Reports of experiences of neck lift surgeries across the world are present in literature. India too has its share of chin and neck reconstruction needs. However, there is a paucity of documentation of experience of isolated submentoplasty. This study was carried out to document a single-center experience in isolated submentoplasty.


  Materials and Methods Top


This retrospective study included the case records of patients who sought treatment of “double chin” and ideal candidates for isolated submentoplasty at the author center were enrolled for this study. Details of all the cases that underwent procedures from January 2012 to December 2017 were considered. All basic demographic details such as age, gender, type of surgical approach, comments, complications if any, and follow-up period were collated from the case records.

Inclusion and exclusion criteria

Patients of either gender with a sagging neck and required isolated submental lipectomy with platysma plication were included in this study. The patient ≥18 years of age, consenting for the procedure, had follow-up for at least 2 years were only considered and if required, they were contacted again for clinical examination. The presence of standard photographic images in the records was a must to be included in this retrospective study. Pre, immediate, and posttreatment images (at the end of 1 year) were reviewed by authors. Patients who were extremely obese, those who abused alcohol, those who exhibited salivary gland (sublingual/submandibular) alterations, and cases of sleep apnea due to micrognathia and short neck were excluded from the study. Those patients with severe inelastic cervical skin were also not included in the study. Similarly, pregnant women and those who had uncontrolled diabetics or metabolic syndrome were excluded from the study. All data were collated and descriptive statistics were provided.

For qualitatively assessing the outcome, two questions were asked routinely at baseline and at follow-up of immediate postoperative, 6, and 12 months.

  1. Self-Reported Submental Fat Rating (SRSFR): Patients were asked, “How much fat do you have under your chin right now?” The choices were on a five-point Likert scale with 0 –no chin fat, 1 – a slight amount of chin fat, 2 – a moderate amount of chin fat, 3 – large amount of chin fat, and 4 – very large amount of chin fat. For this question, a reduction in score was considered successful
  2. Self-Rating Scale (SRS) – Patients were posed the question: “considering your appearance in association with your face and chin, how satisfied do you feel with your appearance at the present time?” using a five-point Likert scale: 1 – very dissatisfied, 2 – slightly dissatisfied, 3 – neutral, 4 – satisfied, and 5 – very satisfied. An increase in score was considered successful.


Surgery

The surgery is performed under general anesthesia with standard preparation. After scrubbing, the surgical outlines are made with marking pen [Figure 1] and [Figure 2]. The procedure is carried out as below:[1],[5],[6]
Figure 1: (a and b) Preoperative photographs, (c-f) Intraoperative photographs, (g and h) Postoperative photographs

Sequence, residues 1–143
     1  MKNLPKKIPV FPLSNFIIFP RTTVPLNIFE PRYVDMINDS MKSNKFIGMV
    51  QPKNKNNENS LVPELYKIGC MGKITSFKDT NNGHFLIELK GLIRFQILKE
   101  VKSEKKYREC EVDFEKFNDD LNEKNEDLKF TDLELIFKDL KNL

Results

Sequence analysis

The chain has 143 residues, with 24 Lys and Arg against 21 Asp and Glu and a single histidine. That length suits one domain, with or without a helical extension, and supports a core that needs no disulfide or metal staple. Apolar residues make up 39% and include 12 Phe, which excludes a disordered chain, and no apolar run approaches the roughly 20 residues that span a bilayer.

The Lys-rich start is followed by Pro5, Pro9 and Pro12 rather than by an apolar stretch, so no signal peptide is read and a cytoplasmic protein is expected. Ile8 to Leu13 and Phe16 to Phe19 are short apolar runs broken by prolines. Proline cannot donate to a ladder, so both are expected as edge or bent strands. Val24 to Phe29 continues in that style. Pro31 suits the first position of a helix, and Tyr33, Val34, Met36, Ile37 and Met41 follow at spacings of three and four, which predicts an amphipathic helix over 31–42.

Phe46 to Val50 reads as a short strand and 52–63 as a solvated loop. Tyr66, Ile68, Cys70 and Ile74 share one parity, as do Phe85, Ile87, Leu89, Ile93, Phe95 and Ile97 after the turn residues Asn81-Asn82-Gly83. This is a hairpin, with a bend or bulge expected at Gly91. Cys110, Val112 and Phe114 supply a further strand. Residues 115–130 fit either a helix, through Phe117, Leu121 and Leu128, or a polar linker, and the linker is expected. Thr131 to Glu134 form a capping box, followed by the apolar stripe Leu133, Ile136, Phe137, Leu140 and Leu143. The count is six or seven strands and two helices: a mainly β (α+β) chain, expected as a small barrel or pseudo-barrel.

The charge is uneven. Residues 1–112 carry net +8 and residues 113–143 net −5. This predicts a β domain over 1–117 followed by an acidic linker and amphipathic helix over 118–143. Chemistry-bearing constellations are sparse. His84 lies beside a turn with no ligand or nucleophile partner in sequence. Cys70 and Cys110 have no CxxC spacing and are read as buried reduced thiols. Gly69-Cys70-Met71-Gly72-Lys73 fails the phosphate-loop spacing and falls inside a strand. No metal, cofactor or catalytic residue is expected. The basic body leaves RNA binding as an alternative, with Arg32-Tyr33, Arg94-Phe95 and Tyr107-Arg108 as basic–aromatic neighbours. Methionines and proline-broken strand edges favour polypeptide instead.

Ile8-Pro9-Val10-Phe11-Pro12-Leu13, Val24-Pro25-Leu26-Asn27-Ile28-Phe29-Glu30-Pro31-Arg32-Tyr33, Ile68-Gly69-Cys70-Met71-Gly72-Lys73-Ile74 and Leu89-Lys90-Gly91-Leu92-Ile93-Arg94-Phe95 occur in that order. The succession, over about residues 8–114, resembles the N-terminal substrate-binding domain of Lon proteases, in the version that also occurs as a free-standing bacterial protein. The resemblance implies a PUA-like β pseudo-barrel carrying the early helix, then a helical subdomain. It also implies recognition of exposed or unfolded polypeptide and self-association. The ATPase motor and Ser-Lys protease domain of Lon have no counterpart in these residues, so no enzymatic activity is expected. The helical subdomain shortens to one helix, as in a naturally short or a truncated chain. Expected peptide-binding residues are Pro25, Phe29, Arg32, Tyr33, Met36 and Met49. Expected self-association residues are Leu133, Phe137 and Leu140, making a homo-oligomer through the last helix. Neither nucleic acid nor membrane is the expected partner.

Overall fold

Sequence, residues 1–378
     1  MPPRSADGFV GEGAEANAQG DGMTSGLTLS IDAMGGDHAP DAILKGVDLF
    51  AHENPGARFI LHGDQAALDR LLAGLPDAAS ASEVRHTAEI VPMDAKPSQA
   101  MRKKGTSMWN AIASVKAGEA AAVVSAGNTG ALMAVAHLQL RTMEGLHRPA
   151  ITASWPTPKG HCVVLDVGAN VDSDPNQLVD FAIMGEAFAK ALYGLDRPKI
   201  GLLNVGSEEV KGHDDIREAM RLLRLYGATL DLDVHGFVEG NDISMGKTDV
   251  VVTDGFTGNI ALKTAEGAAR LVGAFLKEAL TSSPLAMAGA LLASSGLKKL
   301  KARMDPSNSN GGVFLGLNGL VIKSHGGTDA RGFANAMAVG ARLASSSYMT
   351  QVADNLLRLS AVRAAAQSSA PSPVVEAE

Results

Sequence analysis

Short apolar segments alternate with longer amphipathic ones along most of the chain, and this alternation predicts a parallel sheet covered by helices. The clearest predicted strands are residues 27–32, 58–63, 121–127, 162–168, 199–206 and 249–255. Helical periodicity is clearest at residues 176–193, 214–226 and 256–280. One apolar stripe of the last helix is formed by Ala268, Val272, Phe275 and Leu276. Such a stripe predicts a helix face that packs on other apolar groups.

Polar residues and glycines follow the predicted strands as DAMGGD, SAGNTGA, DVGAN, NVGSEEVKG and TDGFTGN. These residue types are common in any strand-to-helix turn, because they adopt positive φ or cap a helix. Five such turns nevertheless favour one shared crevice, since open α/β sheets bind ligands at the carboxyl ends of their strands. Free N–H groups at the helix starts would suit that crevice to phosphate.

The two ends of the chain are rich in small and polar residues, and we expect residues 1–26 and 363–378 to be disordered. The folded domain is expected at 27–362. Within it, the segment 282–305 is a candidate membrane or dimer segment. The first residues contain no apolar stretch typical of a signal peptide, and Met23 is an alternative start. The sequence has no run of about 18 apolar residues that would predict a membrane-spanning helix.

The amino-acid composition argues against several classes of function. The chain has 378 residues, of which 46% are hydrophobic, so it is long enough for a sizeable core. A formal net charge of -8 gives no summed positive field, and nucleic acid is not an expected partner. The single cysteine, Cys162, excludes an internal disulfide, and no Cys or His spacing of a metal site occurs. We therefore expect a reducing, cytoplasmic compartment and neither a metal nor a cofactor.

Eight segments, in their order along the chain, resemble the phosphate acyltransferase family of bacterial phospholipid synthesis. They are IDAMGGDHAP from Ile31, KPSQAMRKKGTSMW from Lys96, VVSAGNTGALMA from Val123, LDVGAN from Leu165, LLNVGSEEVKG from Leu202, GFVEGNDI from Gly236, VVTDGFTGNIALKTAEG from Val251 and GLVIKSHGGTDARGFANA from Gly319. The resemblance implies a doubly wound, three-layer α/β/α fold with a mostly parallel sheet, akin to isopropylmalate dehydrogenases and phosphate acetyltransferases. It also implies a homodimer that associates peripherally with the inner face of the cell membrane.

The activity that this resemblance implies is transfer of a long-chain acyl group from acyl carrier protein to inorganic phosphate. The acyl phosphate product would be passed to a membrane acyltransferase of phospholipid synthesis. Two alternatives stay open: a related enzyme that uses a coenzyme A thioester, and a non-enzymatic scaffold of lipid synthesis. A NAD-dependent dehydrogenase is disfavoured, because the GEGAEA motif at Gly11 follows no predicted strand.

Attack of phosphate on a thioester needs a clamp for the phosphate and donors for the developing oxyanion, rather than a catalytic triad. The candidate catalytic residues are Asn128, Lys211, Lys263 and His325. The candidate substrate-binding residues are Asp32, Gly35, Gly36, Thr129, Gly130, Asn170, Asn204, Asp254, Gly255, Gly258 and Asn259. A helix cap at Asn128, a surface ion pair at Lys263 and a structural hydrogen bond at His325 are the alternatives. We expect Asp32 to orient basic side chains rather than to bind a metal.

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Figure 2: (a and b) Preoperative photographs, (c) Surgical outlines are made with marking pen, (d and e) Postoperative photographs

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  • A single 3–4-cm incision is made along the submental crease in a transverse direction such that incision is placed in the hidden, concave surface of the neck and falls within the neck's natural shadow for camouflage of the scar
  • Length of incision depends on the extent of the fat removal and plication needed
  • The lateral extent has to be planned as per requirement. The dissection plane could extend till sternocleidomastoid muscle to the jawline to the base of the neck. This incision allows full access for complete dissection of these areas, depending on the preoperative evaluation
  • Depending on need, a scissor (for wide reach) or blunt (small area) dissection is carried along the subcutaneous plane. This will facilitate the separation of the platysma muscle from the subcutaneous fat layer
  • This dissection may be needed to extend till thyroid cartilage and the submandibular triangle.
  • Excessive fat compartments in between the medial platysmal bands shall be removed, ensuring a dry field
  • If to involve a subplatysmal area, the marginal mandibular nerve and anterior jugular veins should be carefully identified and not disturbed
  • The fat sculpting should be smooth such that a natural transition is achieved
  • The medial edges of the platysma are identified when submental fat is being removed
  • Medial edges are plicated with 2.0 vicryl suture to create a muscular sling. The edges are then re-approximated
  • Any excess fat present in the area is excised or trimmed. If required, around drain is used and is sewn into place
  • The submental and other incisions, if any, were closed with 6–0 fast-absorbing gut along the skin edges in a simple continuous fashion. The postoperative instructions were given. Prescription of pain medication – nonsteroidal anti-inflammatory drugs and appropriate antibiotics were provided with. The use of silicone scar cream, 2 weeks after procedure at incision site, was advised, as and when required